No longer a niche market, the plus-size market in the United States has become the norm. According to American Demographics, 61% of today’s 20- to 74-year-olds are overweight and 44% are obese (defined as more than 30% above ideal body weight).
A Florida-based market research publisher, Marketdata, estimates that the typical plus-size woman spends $932 each year on clothing; annual spending in the plus-size market is estimated at $17.1 billion for 2000. Additionally, plus-size clothing accounted for 17.7% of women’s apparel sales, up from 14.9% in 1999.
The numbers are more than just interesting—they’re a hint for jewelers. Just as plus-sized clothes adjust trends for a larger woman’s body, jewelry must do the same. Jewelers must be aware of how fashion interacts with body size and be able to make appropriate recommendations for plus-sized customers, says Carolyn Pope of Crews Jewelry, Grandview, Mo.
Pope says that while a specifically plus-size collection of jewelry is not appropriate for the fine-jewelry market, it is necessary to understand the needs of plus-size women. “It’s certainly something that we should be aware of,” she says. “We have to let them be comfortable with their size and show them appropriate jewelry.”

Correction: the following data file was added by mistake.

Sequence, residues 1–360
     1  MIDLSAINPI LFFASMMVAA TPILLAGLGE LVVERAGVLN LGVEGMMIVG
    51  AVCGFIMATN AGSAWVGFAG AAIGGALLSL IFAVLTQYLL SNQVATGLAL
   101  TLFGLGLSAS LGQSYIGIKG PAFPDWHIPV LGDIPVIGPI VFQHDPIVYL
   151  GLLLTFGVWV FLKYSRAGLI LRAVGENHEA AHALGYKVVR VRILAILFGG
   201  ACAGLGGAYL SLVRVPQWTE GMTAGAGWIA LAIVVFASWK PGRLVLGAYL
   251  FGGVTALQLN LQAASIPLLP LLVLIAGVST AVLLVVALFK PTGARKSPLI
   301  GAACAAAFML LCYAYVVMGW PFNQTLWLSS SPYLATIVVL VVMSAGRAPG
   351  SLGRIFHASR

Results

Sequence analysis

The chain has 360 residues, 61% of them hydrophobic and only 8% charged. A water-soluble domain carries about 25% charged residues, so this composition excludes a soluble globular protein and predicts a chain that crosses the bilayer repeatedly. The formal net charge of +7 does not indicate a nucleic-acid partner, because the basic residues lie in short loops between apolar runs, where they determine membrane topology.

Jewelry Information Center director Elizabeth Florence suggests showing jewelry that is expandable or otherwise adjustable to reduce inconvenience—and even embarrassment—when a customer wishes to try it on.
Pope says plus-size customers generally look best with larger jewelry. It is the jewelers’ responsibility to help the customer realize that, for example, a larger earring is going to look better than a smaller piece.